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‘By the Sea’: In dull story, little happens to Brad and Angelina

“I smell fish.” – Angelina Jolie Pitt’s Vanessa, moments after she and her husband arrive at a French town on the Mediterranean coast.

Me. Too.

Writer-director-star Angelina Jolie Pitt’s “By the Sea” is awfully pretty and mostly dreadful.

It’s pretty dreadful.

The first mistake Jolie Pitt the director made was to move forward with her own screenplay, which features two dull leading characters sleepwalking through an extended vacation that’s all about him getting drunk, her self-medicating with pills — and the two of them spewing frustration, distaste and sometimes outright loathing for one another.

“We HAVE to stop being such a——-,” Pitt’s Roland says to his wife during a rare semi-tender moment.

She laughs. We merely shake our heads and say, “Too late, kids.”

“By the Sea” is set in the 1970s, and Jolie Pitt wildly overdoes it with the oversized glasses and the oversized hat and the period-piece fashion — and the cover-of-Vogue makeup and hair she sports even when she’s in a near-catatonic state in bed, or lolling in the bathtub or on the balcony of their hotel suite, staring off into the abyss.

Roland is a writer who most have had some early success, judging by the cut of his jib and the Euro-cool rental car and the gorgeous, spacious hotel suite, which opens onto the sea and provides a breathtaking view.

Once Roland and Vanessa arrive on the scene, they silently move the furniture about to their liking, and unpack their bags, which include some trinkets from their home in New York City. (Clearly they’re going to be here for a long while.) Roland sets up his typewriter at a desk overlooking the sea — but every morning, he tucks his notebook into the back of his pants and trundles down to the bar, where he quaffs multiple gins and ignores his writing, choosing instead to commiserate with the kindly old barkeep (Niels Arestrup) who is still in mourning over his wife.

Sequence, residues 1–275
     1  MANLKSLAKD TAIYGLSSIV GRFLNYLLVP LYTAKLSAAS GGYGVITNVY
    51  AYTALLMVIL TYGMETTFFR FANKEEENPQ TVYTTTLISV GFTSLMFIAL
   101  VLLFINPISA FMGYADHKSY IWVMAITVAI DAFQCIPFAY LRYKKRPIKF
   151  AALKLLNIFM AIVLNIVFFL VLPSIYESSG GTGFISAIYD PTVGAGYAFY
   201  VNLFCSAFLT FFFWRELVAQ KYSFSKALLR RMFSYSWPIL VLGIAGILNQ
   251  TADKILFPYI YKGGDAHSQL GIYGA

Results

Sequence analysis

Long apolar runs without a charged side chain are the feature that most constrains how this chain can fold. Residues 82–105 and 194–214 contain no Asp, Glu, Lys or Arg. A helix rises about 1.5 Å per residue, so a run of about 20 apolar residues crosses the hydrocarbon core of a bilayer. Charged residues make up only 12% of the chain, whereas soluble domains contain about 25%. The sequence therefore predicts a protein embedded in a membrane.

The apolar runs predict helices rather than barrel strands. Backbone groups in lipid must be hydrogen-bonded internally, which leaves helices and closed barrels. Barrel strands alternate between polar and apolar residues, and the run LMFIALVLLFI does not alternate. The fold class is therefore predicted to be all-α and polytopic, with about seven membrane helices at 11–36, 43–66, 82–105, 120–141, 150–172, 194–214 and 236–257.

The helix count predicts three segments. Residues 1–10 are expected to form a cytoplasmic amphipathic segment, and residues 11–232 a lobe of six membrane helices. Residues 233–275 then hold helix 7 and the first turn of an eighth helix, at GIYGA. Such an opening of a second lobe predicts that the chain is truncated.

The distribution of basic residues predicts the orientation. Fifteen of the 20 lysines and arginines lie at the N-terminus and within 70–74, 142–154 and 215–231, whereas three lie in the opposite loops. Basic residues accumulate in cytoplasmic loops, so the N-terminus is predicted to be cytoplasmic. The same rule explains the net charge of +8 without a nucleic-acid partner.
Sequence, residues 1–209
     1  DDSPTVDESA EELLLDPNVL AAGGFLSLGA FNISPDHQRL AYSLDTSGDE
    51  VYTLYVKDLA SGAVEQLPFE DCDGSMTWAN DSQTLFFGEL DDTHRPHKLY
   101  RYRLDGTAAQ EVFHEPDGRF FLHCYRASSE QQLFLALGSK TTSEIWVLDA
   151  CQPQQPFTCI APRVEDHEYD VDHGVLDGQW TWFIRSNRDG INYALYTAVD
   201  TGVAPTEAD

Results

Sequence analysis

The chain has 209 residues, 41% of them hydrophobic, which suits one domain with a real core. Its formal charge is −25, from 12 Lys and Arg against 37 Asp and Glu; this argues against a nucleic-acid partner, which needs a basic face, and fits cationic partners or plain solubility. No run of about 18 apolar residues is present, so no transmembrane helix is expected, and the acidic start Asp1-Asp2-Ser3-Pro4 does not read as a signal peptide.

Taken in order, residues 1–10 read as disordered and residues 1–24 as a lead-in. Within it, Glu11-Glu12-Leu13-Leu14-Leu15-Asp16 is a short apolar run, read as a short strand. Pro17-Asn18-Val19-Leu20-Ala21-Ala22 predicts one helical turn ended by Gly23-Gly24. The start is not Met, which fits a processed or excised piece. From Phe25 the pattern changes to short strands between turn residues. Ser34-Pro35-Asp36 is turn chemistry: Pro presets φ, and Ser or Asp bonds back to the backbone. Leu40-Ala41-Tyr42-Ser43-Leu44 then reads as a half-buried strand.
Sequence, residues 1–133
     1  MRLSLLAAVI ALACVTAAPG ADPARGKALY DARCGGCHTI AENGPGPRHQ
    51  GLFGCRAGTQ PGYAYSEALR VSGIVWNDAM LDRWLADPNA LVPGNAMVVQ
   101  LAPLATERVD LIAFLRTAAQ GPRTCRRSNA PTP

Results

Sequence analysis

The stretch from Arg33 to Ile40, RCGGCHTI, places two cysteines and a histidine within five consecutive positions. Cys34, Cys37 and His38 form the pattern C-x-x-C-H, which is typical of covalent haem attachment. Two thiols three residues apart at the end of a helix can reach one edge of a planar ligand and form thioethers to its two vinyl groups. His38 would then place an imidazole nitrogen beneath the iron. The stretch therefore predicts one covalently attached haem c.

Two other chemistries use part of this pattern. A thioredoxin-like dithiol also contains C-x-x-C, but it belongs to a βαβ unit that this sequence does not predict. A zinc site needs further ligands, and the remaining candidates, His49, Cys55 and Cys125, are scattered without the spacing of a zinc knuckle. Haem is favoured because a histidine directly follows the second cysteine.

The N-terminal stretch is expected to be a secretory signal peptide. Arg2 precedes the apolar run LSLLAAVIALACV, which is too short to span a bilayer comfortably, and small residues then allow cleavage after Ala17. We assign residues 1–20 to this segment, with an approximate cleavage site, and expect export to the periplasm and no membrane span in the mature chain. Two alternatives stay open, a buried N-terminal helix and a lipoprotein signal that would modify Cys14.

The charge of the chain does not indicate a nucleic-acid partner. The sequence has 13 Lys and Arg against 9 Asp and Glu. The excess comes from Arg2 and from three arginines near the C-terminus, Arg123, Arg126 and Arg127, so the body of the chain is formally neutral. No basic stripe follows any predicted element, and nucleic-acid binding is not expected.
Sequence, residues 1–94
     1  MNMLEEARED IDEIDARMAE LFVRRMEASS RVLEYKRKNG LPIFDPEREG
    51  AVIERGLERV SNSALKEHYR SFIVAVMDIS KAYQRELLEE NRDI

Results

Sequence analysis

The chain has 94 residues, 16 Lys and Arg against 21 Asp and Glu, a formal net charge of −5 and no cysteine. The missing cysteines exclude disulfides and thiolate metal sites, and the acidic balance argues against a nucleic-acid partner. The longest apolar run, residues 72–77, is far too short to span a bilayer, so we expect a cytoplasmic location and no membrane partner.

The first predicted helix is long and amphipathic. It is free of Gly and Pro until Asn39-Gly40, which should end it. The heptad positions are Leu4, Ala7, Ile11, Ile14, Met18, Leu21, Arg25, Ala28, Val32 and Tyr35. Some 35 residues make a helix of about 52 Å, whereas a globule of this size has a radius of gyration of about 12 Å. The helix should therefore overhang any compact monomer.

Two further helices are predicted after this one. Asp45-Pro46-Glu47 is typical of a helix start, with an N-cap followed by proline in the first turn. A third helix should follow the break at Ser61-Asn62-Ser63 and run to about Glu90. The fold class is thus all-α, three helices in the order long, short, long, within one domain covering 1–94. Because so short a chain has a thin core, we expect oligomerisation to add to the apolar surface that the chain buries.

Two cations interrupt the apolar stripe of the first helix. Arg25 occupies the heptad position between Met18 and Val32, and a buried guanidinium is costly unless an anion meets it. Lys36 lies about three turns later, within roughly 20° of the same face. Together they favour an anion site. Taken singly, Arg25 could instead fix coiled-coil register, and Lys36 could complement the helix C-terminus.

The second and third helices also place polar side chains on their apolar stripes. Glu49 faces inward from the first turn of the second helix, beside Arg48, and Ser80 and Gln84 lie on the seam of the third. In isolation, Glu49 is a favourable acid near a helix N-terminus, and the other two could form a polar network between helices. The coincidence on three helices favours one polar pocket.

(Both Pitts speak impressive French in the film. Brad in particular seems to be enjoying his casual Francais conversations with the local townsfolk.)

Vanessa, we learn, was once quite the star of the stage. Now she spends her days popping pills, speaking in robotic monotones and waiting for Roland to return to the room so they can bicker.

When a honeymooning couple (Melanie Laurent and Melvil Poupaud) arrive on the scene with in such unsubtle fashion they might as well be holding up a sign proclaiming “PLOT DEVICE” and they take the room next door, Vanessa discovers a peephole with a convenient view of the bed.

NOW Vanessa’s got a hobby.

Roland and Vanessa have been married for 14 years. They’re miserable. For nearly two hours, “By the Sea” hints at something dark and tragic in their past, all the while giving us the wise and ancient heartbroken widower as a symbol of Roland’s possible future, and the cooing, sexually carnivorous young couple as reminders of how things once were between Roland and Vanessa.

Jolie Pitt the director confines a great deal of the action to the hotel suite, but when the characters venture out, the scenery is gorgeous and bright and beautiful and of a paradise — and a striking contrast to the darkness that envelopes Roland and Vanessa. The score and some of the cinematography are vaguely reminiscent of late-period Hitchcock, but what this film could use is a good old-fashioned murder or two, or at least a double-cross or twisted mystery.

As for the performances: Jolie Pitt delivers some of the more uninspired work of her career, veering from making kitten-like whimpers when she’s sad to turning on the waterworks far too many times. With his little porkpie hats and his cheesy ’70s ‘stache and his drunken antics, Pitt has a few choice moments, but like everyone else in this film, he’s sunk by the words he has to say and the long, long, LONG stretches where nothing much of anything happens.

[s3r star=1/4]

Universal Pictures presents a film written and directed by Angelina Jolie Pitt. Running time: 122 minutes. Rated R (for strong sexuality, nudity, and language). Opens Friday at Landmark Century Centre Cinema.